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July 2008

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Last month, we announced the release of our brand new Training Evaluation Toolkit and the second edition of our comprehensive trainer's guide, From Training to Enhanced Workplace Performance. Both products received an outstanding response. Last month, we were busy again revisiting two of our other products. In addition, we now have more purchasing options so that it is even easier to buy from our website. See below for more details.

We are devoting this month's newsletter to the challenge of leading and managing change in today's organizations. Put simply, organizations that don't change and adapt don't survive. There are a number of key factors that are driving this need for incessant change. These include the commoditization of technology and short product life cycles, the struggle to keep talent in this time of skills shortages and the increased sophistication and environmental and social awareness of today's consumers. And yet few organizations seem to get it right when it comes to prioritizing change, getting people on board and following through. Our article this month crystallizes what we see as the key principles behind successful change.

Expanded Purchase Options

When you buy a product from our website, you have always had the convenience of using any of the following currencies: US Dollar, Canadian Dollar, Pound Sterling, Euro and Australian Dollar. We are pleased to announce that you can now select any of these additional currencies: Swedish Krona, New Zealand Dollar, Norwegian Krone, Yen, Hong Kong Dollar, Danish Krone, Swiss Franc, Rand, Singapore Dollar and Yuan Renminbi. Simply select your local currency from the drop down currency box at the top of the online order form at the time of ordering. Paying in your local currency means that you will avoid your bank's conversion fees. And don't forget that we accept a variety of payment methods. These include: Credit Card (Online, Telephone or Fax), PayPal, Bank/Wire Transfer, Check/Money Order and Invoice.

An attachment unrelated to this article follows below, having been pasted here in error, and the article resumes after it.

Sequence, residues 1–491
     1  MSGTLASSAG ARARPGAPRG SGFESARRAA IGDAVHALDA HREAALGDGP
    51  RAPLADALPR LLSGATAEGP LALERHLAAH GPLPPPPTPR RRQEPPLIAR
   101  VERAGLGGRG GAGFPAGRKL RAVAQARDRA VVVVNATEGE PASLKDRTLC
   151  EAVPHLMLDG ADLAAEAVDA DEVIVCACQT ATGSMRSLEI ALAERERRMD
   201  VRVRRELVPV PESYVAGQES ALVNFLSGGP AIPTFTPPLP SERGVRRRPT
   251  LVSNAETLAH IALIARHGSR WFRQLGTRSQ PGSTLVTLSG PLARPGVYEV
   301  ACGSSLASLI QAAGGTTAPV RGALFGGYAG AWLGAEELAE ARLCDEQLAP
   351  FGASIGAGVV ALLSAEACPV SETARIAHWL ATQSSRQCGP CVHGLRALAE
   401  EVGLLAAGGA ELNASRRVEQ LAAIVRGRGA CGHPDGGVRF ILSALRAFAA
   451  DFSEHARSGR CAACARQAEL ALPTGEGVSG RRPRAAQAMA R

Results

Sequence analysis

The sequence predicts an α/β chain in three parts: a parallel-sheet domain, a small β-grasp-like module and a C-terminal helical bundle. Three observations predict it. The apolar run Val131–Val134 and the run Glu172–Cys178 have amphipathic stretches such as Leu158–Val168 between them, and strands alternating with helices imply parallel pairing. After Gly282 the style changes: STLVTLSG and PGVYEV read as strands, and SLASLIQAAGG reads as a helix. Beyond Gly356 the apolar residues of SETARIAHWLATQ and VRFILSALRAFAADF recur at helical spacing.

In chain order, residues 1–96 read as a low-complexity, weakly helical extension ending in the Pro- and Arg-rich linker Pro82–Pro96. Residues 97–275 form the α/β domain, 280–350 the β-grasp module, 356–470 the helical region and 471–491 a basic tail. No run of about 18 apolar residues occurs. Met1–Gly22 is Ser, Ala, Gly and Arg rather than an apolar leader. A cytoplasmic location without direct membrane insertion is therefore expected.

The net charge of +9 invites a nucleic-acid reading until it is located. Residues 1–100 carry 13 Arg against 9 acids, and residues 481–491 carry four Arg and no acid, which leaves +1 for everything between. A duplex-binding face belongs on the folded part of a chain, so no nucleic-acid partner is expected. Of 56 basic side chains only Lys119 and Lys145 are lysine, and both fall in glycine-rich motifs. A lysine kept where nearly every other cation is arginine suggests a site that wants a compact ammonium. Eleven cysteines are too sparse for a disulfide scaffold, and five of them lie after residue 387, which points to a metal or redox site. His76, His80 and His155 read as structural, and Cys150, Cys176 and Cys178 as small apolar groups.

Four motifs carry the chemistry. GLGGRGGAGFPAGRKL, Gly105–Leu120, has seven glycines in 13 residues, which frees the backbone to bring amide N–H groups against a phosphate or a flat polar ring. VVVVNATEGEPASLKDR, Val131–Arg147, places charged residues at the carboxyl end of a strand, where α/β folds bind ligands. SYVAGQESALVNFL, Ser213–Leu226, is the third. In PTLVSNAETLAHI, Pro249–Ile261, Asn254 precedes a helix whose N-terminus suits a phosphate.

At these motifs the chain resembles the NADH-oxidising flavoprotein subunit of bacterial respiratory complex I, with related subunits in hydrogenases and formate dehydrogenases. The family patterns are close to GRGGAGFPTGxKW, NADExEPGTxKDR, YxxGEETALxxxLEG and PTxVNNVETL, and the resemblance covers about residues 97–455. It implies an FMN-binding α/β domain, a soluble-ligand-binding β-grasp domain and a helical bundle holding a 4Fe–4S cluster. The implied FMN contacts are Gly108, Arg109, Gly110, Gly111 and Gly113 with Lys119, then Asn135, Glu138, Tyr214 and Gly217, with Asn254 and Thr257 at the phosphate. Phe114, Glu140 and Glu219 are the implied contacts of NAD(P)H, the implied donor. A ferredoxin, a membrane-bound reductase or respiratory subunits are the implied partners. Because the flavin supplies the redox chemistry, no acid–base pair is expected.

New Products

Managing Change in the WorkplaceLast month, we updated our guide to managing change in the workplace. The book walks you step by step through the change process using the unique CHANGE Approach. It also includes a reusable and customizable workbook so that you can start applying the lessons learned as quickly as possible. This second edition sees some minor enhancements and is a must-have resource for anyone contemplating change in their organization. You can find out more and purchase the guide and workbook from the product web page at www.businessperform.com/html/managing_change.html

Writing Learning OutcomesAnother book getting a fresh look is our compact practical guide on writing learning objectives. This guide is designed to help trainers focus on the organization's objectives for the training and the behaviors required from training program participants to meet those objectives. If you are interested in designing and conducting high-impact training, this guide will get you on the right track. As an added bonus, the new edition now includes the learning outcome templates as customizable and reusable Microsoft Word forms. Visit the product page at www.businessperform.com/html/writing_learning_outcomes.html

If you had purchased previously the first edition of either our Writing Learning Outcomes or our Managing Change in the Workplace, drop us a line at office@businessperform.com with proof of purchase and we will send you the new second edition at no charge. This is part of our commitment to you to keep you up to date with the latest changes.